I’m at a challenging place in my manhood. I’m developed enough to know that sports don’t really matter, at all. In a world threatened by global warming and profound political corruption, while being transformed by quantum technological advancement, the Super Bowl, for example, is so obviously irrelevant that even having an opinion about who wins is basically absurd.
I know this. I read books. I write plays. I publish essays like this one. Companies hire me to create their communications strategies. I’m a thinking person, dammit. But I really wanted the Rams to kick the Patriots asses. And I don’t even follow football.
My partner Bernie relieves herself instantly of any potential sports angst by simply switching allegiance to whoever’s winning. Even the Dodgers. She has no idea why I object to this. Why do I object to this? I’m a transhumanist. I see us using technology to take charge of our destinies, create abundance, and live unlimited lifespans. Why should we be subject to the whims of sports?
It helps that the hometown Phoenix Suns are so hideously, perpetually incompetent that I can’t bear to care. But that’s a bit like a smoker being too depressed to light up, isn’t it? Eventually, things will turn around and then where are you?
Growing up in Washington DC, my oldest brother taught me to play basketball in fifth grade and I loved everything about it. The sounds alone quickened me — the thump of dribbling, the sneaker squeak of cutting, the swish of a made shot. And I loved, just as much the movement – the full court sprint, the change of direction, and the jumping, always the jumping, filling walls then ceilings all over the house with my fingerprints. I loved the ball itself, its size and heft and subtle texture, which spoke to my fingertips in a language that so exquisitely bypassed my brain.
I poured my solitude into basketball, even when asthma made my lungs feel like sacks of sand. When I wasn’t playing at school, I played at the playground in my DC neighborhood. I idolized the lanky high school-aged black kids that played in that smooth style that is DC basketball. They didn’t think and then move; they played at the speed of spontaneity, out of their minds. I wanted that freedom.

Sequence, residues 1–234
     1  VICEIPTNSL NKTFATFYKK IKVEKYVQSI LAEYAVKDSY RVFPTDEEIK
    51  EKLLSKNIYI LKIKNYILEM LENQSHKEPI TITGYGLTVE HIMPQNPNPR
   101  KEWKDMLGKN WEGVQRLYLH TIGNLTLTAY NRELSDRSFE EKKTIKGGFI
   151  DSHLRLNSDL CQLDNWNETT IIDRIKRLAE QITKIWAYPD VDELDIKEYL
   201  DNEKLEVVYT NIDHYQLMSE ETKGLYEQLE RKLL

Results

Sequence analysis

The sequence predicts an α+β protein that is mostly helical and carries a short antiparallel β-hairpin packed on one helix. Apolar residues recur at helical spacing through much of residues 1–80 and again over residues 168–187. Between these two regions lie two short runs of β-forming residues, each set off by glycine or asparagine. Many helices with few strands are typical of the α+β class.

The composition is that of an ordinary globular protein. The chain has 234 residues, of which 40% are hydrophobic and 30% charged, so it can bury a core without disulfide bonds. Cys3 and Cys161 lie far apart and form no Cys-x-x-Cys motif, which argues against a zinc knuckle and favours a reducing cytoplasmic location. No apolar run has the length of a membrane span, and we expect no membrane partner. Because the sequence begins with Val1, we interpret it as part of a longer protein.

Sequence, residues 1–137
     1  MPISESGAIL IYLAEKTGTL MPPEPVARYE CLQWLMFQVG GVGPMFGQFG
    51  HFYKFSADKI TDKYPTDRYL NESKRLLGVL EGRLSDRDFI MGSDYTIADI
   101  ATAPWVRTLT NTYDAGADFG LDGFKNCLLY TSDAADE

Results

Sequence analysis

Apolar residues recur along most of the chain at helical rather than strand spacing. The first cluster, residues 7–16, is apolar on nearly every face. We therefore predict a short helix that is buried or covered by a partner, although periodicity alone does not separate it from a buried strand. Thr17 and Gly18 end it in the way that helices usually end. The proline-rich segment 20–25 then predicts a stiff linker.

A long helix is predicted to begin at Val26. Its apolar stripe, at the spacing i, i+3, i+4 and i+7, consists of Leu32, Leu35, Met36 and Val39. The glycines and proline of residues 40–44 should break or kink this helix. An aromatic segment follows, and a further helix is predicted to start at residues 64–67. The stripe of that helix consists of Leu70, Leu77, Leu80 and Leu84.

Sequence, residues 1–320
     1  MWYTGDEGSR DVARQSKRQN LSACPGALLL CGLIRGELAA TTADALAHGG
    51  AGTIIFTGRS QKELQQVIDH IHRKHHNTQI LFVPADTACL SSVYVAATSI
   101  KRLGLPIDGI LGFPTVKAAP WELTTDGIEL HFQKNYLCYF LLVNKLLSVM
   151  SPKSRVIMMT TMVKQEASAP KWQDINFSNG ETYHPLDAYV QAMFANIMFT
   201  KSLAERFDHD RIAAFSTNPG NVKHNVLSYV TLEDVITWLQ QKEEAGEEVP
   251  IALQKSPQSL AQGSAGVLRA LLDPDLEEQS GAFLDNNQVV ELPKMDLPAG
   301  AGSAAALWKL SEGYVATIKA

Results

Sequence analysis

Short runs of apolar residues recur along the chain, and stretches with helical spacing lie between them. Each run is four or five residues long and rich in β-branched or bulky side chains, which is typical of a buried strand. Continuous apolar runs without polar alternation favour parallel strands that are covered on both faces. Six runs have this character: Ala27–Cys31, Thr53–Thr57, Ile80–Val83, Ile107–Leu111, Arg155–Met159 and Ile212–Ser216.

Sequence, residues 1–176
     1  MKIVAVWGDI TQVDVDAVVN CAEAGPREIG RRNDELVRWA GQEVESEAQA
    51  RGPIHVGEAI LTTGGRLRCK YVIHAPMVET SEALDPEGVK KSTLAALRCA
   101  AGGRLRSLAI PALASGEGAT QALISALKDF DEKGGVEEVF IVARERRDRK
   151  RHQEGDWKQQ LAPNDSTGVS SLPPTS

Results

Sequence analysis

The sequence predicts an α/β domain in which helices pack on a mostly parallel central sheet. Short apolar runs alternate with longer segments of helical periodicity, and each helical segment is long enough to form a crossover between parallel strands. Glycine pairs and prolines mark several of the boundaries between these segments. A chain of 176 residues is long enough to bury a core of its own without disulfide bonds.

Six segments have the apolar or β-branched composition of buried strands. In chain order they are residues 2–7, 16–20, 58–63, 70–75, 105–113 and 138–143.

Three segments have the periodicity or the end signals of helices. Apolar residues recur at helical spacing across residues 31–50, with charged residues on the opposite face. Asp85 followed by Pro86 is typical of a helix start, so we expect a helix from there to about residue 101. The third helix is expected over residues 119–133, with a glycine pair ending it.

A little white kid, I looked like the type who worked tirelessly to develop a pure jump shot, his one ticket to be on the court. But I was at my best on the move, driving to the basket. This consistently surprised the black kids, who had their own stereotypes. Plus, who wanted to defend a whirling, wheezing white kid who played as if his very self-worth depended on beating you to the spot?
In high school, I finally outgrew asthma and developed physically. By tenth grade, I was winning trophies. I played in a kind of mental bubble, holding my brain at bay, so that it would not block me from moving freely through the game. I had my best games when I was sick; the weakness forced me to an extreme focus, which shut out thought entirely, and the points came in a seemingly automatic flow.
But one day the school’s athletic director made a point of taking me aside to inform me that I wasn’t as good as I thought and that I would never play at the next level. I had dreamed of being great. It may have always been just a fantasy, but I had already taken a little boy’s vision of being a high school star and birthed it whole out of my heart, so who was to say? I had the love and the legs, and I had no other dream.
But his words instantly jarred me out of that reverie. Perhaps I’d never really believed in myself. Or maybe I just didn’t understand where belief came from, thinking it originated from others who could be relied upon to accurately inform me of what I could and could not be. But now I know better.
I’ve had brushes with real sports stars. I worked at the first PF Changs restaurant in Scottsdale, outside of Phoenix, back when it was the hot spot in town, when Charles Barkley brought in Michael Jordan, who walked through the restaurant like a god, as the Saturday night din noticeably lowered, heads turned, the air buzzing with awareness of him.